The number of new business starts in Fairfield almost doubled in 2022

FAIRFIELD — The number of businesses opening in Fairfield more than doubled last year compared to 2021, and officials say business and development are booming.

The town welcomed 75 new brick-and-mortar businesses, including Isla & Co., Sally’s Apizza, Trek Bicycle, Evolution Gaming and Ryoma Coffee World, First Selectman Brenda Kupchick said in her newsletter.

“Behind the scenes, the collaborative and productive work of our licensing departments to assist businesses throughout the process sends the message that Fairfield welcomes new businesses to our community,” she said. “The success of our local business is the success of Fairfield, and as a city we strive to assist in those efforts as best we can.”

In a newsletter in late 2021, Kupchick said more than 40 businesses opened in the city that year, including Aldi’s and Floor & Décor, which opened in the former Kohl’s location.

Mark Barnhart, director of Fairfield’s Office of Community and Economic Development, said the city has all the key criteria a business looks for when deciding where to locate a business, including available skilled labor, transportation infrastructure and quality of life.

“This sums up what Fairfield has to offer,” he said. “The fundamentals of our local economy are pretty good.”

A number of large projects were completed in the city last year, and even more have been approved or are underway.

At a recent Finance Board meeting, Barnhart said Fairfield has high income demographics, strong financial management and a stable tax rate. All that aside, he said, the city is not an island and, like the rest of the country and the world, experiences some headwinds.

“With unemployment at or near record lows, that’s a good thing,” he said. “But it also points to a tight labor market. We’re talking to a lot of businesses here and elsewhere. Many are still having trouble finding workers, keeping workers and things like that. They’re also … facing disruptions in the supply chain. In general, prices are still always much more than a year or two ago.”

Office vacancy rates are moving in a good direction, Barnhart said, adding that Fairfield is among the lowest in the area. He said 2022 was very good for the city in terms of construction activity.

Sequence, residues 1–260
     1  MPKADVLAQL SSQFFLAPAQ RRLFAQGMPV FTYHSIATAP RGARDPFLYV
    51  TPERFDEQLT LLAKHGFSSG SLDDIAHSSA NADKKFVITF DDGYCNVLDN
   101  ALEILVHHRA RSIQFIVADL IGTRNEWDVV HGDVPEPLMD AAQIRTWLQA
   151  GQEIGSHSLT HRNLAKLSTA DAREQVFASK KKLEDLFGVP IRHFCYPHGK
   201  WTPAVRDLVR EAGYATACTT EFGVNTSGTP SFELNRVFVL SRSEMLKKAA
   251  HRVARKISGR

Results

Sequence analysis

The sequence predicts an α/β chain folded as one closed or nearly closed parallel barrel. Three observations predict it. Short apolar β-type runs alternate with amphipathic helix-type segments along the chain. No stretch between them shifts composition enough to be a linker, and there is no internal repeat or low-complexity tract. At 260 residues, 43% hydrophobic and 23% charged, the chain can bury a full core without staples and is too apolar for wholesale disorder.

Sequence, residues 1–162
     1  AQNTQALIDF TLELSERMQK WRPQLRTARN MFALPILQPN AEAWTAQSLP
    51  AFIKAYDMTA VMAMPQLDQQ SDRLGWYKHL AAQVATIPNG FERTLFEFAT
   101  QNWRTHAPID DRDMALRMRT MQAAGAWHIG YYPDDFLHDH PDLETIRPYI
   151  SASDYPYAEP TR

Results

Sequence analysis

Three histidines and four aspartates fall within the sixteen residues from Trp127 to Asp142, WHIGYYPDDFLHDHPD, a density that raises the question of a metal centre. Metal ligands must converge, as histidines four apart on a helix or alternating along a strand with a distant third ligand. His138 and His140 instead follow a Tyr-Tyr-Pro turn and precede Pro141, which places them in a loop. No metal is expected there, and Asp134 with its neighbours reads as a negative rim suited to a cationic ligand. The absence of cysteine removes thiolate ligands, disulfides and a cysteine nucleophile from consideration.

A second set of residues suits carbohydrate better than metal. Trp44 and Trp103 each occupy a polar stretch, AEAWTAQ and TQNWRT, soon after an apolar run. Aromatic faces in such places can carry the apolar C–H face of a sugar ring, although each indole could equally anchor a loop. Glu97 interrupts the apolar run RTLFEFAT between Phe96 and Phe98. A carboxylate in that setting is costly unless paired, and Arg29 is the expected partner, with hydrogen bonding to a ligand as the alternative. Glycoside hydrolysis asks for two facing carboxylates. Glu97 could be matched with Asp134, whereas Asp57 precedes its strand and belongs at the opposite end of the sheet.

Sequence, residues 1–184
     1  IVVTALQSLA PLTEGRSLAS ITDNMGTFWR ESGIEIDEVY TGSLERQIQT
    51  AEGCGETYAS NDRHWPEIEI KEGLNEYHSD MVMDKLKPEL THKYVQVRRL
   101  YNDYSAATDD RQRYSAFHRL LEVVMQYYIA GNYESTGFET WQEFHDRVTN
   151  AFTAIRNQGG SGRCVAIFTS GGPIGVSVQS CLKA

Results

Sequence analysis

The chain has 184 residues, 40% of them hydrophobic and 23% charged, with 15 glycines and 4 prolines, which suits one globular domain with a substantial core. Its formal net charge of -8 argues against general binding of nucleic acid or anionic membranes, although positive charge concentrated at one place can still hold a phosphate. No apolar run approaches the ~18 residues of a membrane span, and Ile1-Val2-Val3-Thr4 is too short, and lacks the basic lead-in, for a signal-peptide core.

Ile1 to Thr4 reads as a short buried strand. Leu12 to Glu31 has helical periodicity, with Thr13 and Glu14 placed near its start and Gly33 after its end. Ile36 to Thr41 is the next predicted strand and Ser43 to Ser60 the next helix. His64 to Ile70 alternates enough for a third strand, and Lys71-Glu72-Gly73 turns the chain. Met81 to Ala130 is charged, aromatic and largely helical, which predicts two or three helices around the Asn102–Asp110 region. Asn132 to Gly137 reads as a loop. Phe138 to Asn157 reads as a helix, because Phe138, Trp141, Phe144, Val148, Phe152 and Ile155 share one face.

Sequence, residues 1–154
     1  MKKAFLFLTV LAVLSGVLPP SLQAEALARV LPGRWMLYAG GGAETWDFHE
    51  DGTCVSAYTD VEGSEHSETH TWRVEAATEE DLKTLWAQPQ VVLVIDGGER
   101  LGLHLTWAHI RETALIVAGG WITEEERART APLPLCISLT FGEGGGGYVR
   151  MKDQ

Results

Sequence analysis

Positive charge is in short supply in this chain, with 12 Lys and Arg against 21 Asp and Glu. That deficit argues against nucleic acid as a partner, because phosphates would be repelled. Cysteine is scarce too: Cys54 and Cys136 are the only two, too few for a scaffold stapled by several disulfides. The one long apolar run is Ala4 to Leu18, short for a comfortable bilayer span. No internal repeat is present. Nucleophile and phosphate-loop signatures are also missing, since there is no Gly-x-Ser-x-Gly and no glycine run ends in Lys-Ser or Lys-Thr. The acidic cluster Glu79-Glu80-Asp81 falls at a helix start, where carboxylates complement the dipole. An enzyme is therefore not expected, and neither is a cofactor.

“If you drive around town, you’ll see it being built,” he said. “We have medical office buildings being built across the street from the Hi-Ho Hotel, a new three-story mixed-use building for a law office downtown, a veterinary hospital, Greenfield Hill Animal Hospital finally got approval.”

Barnhart noted that only 4.5 percent of the land in Fairfield is zoned for commercial or industrial uses, but he said it is highly productive and makes up more than 12 percent of the grand list.

“This shows that we don’t have a lot, so obviously what we have to work with we have to use effectively, well,” he said.

Kupchick touted the Crossings at Fairfield Metro, which went live last fall after being stalled for years, as a major development win for the city. She noted that the finished project will include a hotel, 70,000 square meters of commercial office space, 40,000 square meters of retail space and 357 new residential units, 20 percent of which will be affordable housing.

“This project is expected to generate more than $4 million in net new taxes annually upon full construction, which will be a major boost to our community’s tax base and economic development,” she said.

Construction has begun on one of the apartment buildings at the site, the largest piece of land available for development in the city, Barnhart said.

Barnhart said some of the larger multifamily, mixed-use projects contribute significantly to the city’s large inventory based on yield per acre. He noted that the former Exide Battery site was purchased in 2020 for $4.5 million and that a developer is working on plans for the site, though he added that officials were not impressed with the initial plans.

“We said, ‘You’re not really exploiting this site,'” he said. “For our earlier discussion, we don’t have many of these pages. We must use them wisely.”

Barnhart said he is always optimistic about where Fairfield is going in terms of economic development, adding that trends tend to peak and decline. He said rising interest rates and material costs make him think some of that will slow.

“I think the ones that are in the tank right now will move forward,” he said. “I think there’s a lot to like here. It goes back to the basics. The fundamentals are so strong for Fairfield. We don’t have some of the issues that other communities in the state have. The things we can control are our own land use and the permitting process.”

[email protected]

Leave a Reply

Your email address will not be published. Required fields are marked *